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The Autosub AUVs - Multisensory, Multi-scale mapping from the Polar Seas to the Tropics.
If you have a question about this talk, please contact Tim Wilkinson.
Tea is served from 6pm
For 15 years the Autosub range of Autonomous Underwater Vehicles (AUV), designed and built at the National Oceanography Centre, Southampton, have been exploring of the world’s oceans. Highlights have been: mapping under Arctic sea ice near Greenland in 2004, exploring underneath the 60 km ice tongue of the Pine Island Glacier in the Antarctic in 2009, and helping to discover the world’s deepest and hottest known hydrothermal vent site, 5 km down, in the Caribbean sea. More recently, the Autosub6000 AUV has carried out detailed sonar and photographic mapping of seabed habitats in the inhospitable seas near Rockall and the Darwin cold water coral mounds, North of Scotland. In the talk, I shall describe these campaigns, the practical and technical issues, and how things can go horribly wrong. I’ll also talk about our future plans with a new, very long range Autosub, and the concept of air launched AUVs.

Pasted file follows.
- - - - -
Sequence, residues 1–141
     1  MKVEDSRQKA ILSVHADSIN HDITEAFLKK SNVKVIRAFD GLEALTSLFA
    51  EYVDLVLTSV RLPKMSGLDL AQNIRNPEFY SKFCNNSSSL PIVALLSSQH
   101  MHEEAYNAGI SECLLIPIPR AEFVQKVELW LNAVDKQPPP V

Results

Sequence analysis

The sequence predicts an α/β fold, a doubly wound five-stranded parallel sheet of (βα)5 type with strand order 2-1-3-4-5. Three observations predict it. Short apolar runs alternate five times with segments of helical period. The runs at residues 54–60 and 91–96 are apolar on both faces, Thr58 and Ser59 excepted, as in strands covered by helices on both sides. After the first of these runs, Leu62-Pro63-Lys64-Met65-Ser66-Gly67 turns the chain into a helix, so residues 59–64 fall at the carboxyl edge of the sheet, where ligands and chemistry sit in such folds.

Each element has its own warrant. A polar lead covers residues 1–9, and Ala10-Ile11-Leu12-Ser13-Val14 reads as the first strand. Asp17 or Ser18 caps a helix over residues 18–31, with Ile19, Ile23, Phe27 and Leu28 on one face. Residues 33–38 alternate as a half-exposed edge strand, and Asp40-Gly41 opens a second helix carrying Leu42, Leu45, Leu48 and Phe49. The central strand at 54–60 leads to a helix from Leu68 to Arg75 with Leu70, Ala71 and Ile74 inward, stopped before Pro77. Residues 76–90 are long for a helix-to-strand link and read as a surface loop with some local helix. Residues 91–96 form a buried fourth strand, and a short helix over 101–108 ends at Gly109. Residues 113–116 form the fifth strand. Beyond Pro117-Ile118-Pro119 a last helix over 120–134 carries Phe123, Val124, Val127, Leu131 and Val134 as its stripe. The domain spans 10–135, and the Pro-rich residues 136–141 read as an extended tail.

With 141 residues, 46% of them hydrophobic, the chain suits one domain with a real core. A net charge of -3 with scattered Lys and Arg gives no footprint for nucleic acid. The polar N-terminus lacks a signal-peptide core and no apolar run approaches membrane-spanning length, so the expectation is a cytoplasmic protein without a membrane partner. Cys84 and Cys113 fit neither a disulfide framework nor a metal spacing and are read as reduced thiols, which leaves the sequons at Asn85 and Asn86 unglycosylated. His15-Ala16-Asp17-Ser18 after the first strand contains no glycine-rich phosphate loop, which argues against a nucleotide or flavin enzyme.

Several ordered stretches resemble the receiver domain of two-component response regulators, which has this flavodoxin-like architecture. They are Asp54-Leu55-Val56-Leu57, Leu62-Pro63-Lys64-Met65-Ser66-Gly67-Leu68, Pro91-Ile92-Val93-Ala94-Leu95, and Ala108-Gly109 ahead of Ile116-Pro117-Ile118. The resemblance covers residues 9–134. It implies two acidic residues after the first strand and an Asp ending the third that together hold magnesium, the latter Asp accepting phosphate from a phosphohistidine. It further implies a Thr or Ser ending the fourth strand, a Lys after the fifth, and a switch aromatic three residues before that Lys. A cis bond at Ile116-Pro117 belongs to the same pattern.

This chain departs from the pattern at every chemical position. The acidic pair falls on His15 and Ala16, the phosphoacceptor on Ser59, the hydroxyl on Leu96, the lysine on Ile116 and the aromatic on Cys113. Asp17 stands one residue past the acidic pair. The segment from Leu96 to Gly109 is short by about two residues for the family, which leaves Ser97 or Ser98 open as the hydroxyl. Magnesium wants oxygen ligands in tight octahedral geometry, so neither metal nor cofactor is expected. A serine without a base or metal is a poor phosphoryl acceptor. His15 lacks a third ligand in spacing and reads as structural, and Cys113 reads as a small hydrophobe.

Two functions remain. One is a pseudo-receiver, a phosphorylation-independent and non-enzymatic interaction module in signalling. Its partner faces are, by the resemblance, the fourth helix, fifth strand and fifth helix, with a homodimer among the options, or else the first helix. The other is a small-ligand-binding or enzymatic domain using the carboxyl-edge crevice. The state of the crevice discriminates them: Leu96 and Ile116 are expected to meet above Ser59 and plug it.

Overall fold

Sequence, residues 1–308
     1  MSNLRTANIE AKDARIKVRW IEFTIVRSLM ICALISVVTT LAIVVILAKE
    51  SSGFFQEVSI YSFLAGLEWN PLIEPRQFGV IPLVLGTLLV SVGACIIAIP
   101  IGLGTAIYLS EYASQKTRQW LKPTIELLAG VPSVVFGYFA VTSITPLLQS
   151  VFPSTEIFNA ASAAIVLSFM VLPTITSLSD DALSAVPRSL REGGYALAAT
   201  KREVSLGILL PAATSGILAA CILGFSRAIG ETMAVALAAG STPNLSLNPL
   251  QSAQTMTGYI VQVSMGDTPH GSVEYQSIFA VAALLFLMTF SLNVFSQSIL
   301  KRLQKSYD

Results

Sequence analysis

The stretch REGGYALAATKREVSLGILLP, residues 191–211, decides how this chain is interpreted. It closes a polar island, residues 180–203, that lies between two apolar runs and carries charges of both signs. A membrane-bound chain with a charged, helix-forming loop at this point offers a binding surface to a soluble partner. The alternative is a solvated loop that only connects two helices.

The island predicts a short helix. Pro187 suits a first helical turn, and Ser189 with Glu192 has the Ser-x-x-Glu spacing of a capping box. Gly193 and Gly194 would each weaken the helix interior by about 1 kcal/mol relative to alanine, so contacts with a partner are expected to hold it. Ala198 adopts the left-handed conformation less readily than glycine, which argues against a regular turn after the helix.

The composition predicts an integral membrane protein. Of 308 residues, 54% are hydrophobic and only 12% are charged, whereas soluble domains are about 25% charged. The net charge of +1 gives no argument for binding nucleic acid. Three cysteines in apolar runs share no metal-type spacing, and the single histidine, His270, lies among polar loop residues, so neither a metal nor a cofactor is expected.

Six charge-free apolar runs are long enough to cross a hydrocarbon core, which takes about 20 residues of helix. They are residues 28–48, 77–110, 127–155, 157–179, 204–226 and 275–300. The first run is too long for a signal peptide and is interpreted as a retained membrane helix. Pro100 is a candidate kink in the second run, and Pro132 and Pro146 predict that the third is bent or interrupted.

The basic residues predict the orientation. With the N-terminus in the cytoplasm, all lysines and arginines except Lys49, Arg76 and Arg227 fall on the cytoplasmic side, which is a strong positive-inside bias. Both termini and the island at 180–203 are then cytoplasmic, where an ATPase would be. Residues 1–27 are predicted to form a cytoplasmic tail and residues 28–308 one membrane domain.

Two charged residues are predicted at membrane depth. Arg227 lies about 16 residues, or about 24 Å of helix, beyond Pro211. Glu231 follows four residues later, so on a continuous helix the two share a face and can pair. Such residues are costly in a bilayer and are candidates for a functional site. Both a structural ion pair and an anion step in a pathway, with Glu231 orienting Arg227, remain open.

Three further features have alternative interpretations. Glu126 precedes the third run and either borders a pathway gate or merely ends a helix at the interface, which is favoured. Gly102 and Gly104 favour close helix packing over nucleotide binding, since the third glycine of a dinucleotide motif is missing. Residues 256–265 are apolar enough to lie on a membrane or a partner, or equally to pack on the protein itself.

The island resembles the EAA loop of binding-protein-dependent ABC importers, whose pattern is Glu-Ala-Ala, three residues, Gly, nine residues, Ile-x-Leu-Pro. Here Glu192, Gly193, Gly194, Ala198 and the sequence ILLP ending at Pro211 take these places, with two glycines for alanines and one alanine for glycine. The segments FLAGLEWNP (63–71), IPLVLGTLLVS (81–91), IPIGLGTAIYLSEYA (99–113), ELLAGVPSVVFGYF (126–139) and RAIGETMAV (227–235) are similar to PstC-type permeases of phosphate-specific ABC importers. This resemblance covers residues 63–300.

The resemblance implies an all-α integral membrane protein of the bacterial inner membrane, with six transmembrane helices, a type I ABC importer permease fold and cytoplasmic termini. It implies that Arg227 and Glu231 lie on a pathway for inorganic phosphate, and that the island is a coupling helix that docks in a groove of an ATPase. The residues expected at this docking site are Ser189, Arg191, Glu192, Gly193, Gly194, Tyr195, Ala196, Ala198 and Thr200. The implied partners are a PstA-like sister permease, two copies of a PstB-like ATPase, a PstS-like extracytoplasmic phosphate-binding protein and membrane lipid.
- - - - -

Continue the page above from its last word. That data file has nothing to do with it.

Steve McPhail, CENG , MIET, heads the Autonomous Systems group at the National Oceanography Centre, Southampton, UK, and leads the Autosub6000 and Autosub Long Range AUV projects. His main specialization is the navigation and control of AUVs. He has extensive experience of leading the technical team for AUV test and science cruises in locations from polar seas to the tropics.
This talk is part of the IET Cambridge Network - Lectures series.
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